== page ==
What is it?

Looking through my journals and email, I found out that I was wishing for a lot of good things to happen. I claimed to be “hoping,” but I did not/could not be confident the desired outcome would happen. That is not what hope is about. Hope is more than wishing. [Want to know more? Click here.]

Thursday, December 31, 2015

A New Year

So it’s the time of year where people try to make New Year’s resolutions. I never have managed to keep one resolution I ever made, so I gave up on making them several year’s ago. The grander the resolution was the more likely I was to blow it in the first week. That’s just another reason to not make resolutions.
However, there are things I’d like to change in my life. In order for me to change I need to start somewhere. I will start small and think about the changes as things I will do just for the day (one day at a time). I have to admit, I’m afraid of failing, so I’ll make the changes small and add to them if I have success.
One change I want to make in my life is to eat more healthily. That thought is overwhelming. So I’ve picked just one thing to do, something my therapist asked me to do. I’m going to journal what I eat to hold myself accountable. I’m afraid I will make the choice to not record when I eat something that is not healthy – let me pause right here and record the piece of baklava I just ate. Being honest is the beginning of making changes.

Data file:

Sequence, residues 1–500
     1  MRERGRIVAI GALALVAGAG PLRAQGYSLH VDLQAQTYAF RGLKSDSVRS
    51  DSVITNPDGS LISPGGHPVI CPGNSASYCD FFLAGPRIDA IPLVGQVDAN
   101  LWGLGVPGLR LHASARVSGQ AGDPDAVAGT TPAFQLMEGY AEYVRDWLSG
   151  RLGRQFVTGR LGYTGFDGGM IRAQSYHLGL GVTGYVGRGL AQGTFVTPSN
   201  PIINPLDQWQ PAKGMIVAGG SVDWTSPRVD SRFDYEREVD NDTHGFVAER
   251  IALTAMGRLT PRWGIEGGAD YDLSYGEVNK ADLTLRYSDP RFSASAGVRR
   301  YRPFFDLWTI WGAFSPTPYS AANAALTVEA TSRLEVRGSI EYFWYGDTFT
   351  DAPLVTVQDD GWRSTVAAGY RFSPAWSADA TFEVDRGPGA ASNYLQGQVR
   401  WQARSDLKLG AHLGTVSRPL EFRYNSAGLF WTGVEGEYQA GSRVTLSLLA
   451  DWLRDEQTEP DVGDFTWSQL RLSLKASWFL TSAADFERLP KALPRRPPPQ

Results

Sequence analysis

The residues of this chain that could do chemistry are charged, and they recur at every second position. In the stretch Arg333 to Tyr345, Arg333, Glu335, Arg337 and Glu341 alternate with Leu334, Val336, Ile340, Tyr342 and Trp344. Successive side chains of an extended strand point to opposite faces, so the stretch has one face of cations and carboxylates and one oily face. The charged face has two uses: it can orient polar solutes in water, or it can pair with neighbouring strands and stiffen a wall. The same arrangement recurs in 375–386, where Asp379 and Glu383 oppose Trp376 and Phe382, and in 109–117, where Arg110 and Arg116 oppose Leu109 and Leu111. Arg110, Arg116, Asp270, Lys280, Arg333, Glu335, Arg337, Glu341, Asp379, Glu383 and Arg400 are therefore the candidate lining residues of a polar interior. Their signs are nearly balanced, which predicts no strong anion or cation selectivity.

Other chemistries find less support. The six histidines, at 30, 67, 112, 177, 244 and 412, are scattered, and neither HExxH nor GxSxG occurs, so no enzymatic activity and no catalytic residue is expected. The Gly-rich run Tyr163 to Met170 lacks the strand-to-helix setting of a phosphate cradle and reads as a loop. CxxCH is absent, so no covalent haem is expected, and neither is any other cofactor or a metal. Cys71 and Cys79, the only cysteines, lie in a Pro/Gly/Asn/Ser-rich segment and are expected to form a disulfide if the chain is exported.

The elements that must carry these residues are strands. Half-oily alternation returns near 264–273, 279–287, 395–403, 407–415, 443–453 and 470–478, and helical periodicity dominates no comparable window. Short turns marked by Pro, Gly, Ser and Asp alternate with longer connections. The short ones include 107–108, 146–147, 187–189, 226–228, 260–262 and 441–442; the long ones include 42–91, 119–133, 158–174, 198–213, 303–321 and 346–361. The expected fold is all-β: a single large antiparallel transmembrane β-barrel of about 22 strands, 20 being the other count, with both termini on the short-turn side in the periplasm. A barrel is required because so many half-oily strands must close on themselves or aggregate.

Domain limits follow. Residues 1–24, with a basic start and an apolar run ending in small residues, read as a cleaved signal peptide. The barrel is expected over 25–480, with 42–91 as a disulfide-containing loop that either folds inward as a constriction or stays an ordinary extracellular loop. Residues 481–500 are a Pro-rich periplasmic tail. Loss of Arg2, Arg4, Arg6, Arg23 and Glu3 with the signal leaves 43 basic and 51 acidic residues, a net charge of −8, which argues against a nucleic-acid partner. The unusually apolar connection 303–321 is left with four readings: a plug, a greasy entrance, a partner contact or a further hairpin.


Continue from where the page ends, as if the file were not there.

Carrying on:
Another thing I want to do is exercise more. That seems like something a lot of people want to do. I’ve tried this before but I usually failed when my feet began to hurt (problem feet) after walking ¼ of a mile. So, I asked for an exercise bike for Christmas and got it. My plan is to pedal for a short time and build up to more. My goal is to start by exercise for two minutes to start with. That seems doable to me. Now to get the exercise bike assembled; something my husband is going to help me with on New Year’s Day in the morning (at least that is what he said).
I also want to spend more time recognizing the good things God is doing in my life. Seeing the struggles and troubles in my life comes easily to me. I often forget to recognize and give thanks for the little miracles that happen on a daily basis in my life. I read the Word almost daily, but forget to give thanks for the little gems He shows me. I pray, but forget to record answers to prayer (and there are some if I’m paying attention). So I’m going to make a prayer journal section in my journal and begin looking for the answers to my prayers. Seeing God work will encourage me as I face struggles.
So, no resolutions will be made this year. Just three small steps in the right direction. Here’s to change. Happy New Year.